As the presidential election (https://www.ft.com/french-presidential-election) looms, two ideas have become commonplace in French politics: exiting the eurozone (htps://www.ft.com/content/37d73c48-1b7c-11e7-bcac-6d03d067f81f) and debt restructuring. While seven out of 10 French citizens say they want to keep the euro, many are willing to vote for candidates who either advocate a euro exit, such as Marine Le Pen (https://www.ft.com/content/935a7d98-12e2-11e7-80f4-13e067d5072c) of the far-right National Front (FN), or are considering such an exit if European institutions are not reconfigured according to their demands.
The eurozone (https://www.ft.com/content/a1135284-1869-11e7-a53d-df09f373be87)’s flaws are clear. First, the lack of a shared European budget prevents the automatic redistribution of funds between regions with strong economies and recession-hit ones, as is common in other federations worldwide. Second, the limited mobility of workers and savings prevents the stabilisation of national shocks. Third, in an unstable global economy it is hard to converge on sovereignty under such a large shared roof: competitiveness, payment balances and unemployment across the eurozone quickly got out of sync due to wide discrepancies in policymaking.
But leaving the euro would have serious consequences for France. It is impossible to give an exact estimate of the likely impact but simple reasoning suggests a risk of widespread chaos.
Outside the eurozone, free of any EU commitment on deficit and debt control, and with fewer inhibitions about a debt moratorium, France would inspire less trust than it does now. Interest rates on public debt would increase as a result, and the cost of company loans and mortgages would rise by a roughly equivalent amount. Households would also lose out due to the depreciation in national currency and the concomitant rise in the cost of imports.
Restoring the franc could cause a sovereign default. The debts of the state, banks and French companies, all in euros, would become more difficult to repay if revenue were recorded in francs, a weak currency. To avoid a significant increase in leverage, France would probably decide to “restructure” it, a euphemism for a payment default. It could do this through a law transforming a debt of one euro into a debt of one franc, something similar to what Argentina did with the peso in 2001. In this way France would not honour its commitments, very unusual for a wealthy country.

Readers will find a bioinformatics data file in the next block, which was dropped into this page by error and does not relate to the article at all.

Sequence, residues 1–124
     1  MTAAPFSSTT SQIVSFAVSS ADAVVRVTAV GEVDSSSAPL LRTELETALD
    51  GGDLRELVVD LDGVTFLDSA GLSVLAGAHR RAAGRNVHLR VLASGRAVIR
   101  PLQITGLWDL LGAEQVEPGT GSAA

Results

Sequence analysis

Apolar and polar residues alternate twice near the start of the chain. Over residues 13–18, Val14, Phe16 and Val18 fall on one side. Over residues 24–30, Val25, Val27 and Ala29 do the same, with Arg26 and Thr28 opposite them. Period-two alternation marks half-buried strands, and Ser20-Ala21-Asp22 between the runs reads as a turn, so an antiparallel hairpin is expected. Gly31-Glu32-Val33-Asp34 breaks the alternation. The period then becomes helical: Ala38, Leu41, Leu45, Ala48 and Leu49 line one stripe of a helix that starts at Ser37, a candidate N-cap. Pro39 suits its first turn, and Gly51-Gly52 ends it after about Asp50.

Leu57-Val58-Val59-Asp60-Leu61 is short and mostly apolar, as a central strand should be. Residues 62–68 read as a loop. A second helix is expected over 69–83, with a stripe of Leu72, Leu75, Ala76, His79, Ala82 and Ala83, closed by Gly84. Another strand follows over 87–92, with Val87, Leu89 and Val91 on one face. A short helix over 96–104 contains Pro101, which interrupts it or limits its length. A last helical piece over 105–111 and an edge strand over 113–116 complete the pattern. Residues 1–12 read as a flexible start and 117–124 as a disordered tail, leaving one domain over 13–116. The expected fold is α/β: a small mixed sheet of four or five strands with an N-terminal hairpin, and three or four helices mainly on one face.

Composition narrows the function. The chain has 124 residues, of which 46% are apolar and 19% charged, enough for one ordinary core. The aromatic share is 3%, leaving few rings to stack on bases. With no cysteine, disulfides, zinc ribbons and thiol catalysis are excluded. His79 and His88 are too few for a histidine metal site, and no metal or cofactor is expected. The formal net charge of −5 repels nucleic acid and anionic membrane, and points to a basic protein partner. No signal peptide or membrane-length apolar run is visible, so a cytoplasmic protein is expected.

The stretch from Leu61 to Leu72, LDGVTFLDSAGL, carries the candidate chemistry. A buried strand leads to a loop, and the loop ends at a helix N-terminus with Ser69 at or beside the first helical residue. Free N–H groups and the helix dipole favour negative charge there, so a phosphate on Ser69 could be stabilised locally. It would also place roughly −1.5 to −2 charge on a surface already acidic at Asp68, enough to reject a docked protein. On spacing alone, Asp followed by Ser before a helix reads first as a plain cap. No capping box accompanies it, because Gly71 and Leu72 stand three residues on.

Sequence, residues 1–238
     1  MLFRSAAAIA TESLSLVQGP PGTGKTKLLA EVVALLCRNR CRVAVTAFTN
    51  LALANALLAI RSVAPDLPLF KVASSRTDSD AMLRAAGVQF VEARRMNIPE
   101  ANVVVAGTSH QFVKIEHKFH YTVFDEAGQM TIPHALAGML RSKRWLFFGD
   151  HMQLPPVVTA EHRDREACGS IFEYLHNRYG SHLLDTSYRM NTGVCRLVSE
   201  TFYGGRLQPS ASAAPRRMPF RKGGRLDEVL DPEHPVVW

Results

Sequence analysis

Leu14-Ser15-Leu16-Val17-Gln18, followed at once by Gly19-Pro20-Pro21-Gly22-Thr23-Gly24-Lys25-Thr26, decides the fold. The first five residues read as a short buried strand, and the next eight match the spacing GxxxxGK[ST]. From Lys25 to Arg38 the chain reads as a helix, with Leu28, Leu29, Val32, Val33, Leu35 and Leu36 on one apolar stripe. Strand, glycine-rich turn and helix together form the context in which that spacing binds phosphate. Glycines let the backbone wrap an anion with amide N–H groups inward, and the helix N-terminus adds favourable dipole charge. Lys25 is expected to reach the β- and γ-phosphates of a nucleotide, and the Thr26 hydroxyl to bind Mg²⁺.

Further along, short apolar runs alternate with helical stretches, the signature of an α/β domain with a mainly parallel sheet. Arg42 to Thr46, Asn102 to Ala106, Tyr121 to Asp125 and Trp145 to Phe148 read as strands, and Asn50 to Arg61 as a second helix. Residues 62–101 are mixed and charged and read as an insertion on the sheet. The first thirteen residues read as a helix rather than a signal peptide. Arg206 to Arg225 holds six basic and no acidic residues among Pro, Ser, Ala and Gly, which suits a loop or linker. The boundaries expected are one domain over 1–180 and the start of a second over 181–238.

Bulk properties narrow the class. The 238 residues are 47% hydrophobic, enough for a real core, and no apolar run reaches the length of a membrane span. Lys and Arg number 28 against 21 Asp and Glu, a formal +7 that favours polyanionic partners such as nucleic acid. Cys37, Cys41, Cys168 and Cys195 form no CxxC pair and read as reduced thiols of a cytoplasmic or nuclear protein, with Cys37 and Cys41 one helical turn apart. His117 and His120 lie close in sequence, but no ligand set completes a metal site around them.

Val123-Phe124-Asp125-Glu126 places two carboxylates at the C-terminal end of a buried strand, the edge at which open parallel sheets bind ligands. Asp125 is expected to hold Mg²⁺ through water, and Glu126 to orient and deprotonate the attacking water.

A sovereign default would see France ostracised on the international stage, exposing it to retaliatory measures from its partners and preventing it from borrowing abroad for several years. It might immediately force the French government to balance the budget if distrust spreads to domestic investors and the state cannot finance its deficits.
Consider the budget programmes of the antieuro camp. That of the FN involves — at a conservative estimate — €100bn in extra annual spending (4.5 per cent of gross domestic product to add to the current 3.5 per cent deficit). The programme on which Jean-Luc Mélenchon (https://www.ft.com/content/06776e2e-1902-11e7-a53d-df09f373be87), the far-left candidate of La France insoumise, or unsubmissive France, is running calls for double that amount in new expenditures, but adds an offsetting €85bn in extra corporate and personal taxes.
Last but not least, a French exit from the euro could spell the end of the EU. Without the EU, France would have no say in international negotiations on a range of issues, including financial regulation, taxation, free-trade agreements, and digital and environmental policy. The opinions of the president of the European Central Bank or the European competition commissioner are listened to around the world. An isolated France would have little hope of being heard.
Another widespread idea is protectionism. It is, in part, a response to a genuine problem: governments in developed countries have not paid enough attention to the damage caused by globalisation to some of their citizens. Since about 1990, developing countries have turned their backs on the protectionist policy of import substitution and opted for market-driven, open economies, realigning trade along the northsouth axis. While developed countries are winners overall, many of their workers, particularly those with few qualifications, have struggled to find good-quality jobs. Retraining and skills policy, meanwhile, has not kept up.
Yet protectionism is not a magic wand for citizens in France, or elsewhere for that matter.
It can only encourage retaliatory measures by trading partners and would deprive France of the benefits of international specialisation and remove the stimulus of competition that pushes companies to improve themselves rather than profit from a captive consumer. Nor would protectionism help France meet the challenges of digital technology.
French voters want change. They feel that policymakers have not done enough to protect them and that they do not have a plan for an uncertain future. But change for change’s sake is dangerous, particularly when it is based on prejudice and selfishness. Intelligent change is much less exciting than dramatic transformation, but it is the only kind that can give people genuine hope.
© FINANCIAL TIMES